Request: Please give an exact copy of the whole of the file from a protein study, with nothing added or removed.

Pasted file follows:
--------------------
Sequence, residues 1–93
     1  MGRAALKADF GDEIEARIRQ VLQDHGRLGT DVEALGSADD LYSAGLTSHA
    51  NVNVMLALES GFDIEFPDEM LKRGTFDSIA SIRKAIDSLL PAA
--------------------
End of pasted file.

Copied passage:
Sequence, residues 1–93
     1  MGRAALKADF GDEIEARIRQ VLQDHGRLGT DVEALGSADD LYSAGLTSHA
    51  NVNVMLALES GFDIEFPDEM LKRGTFDSIA SIRKAIDSLL PAA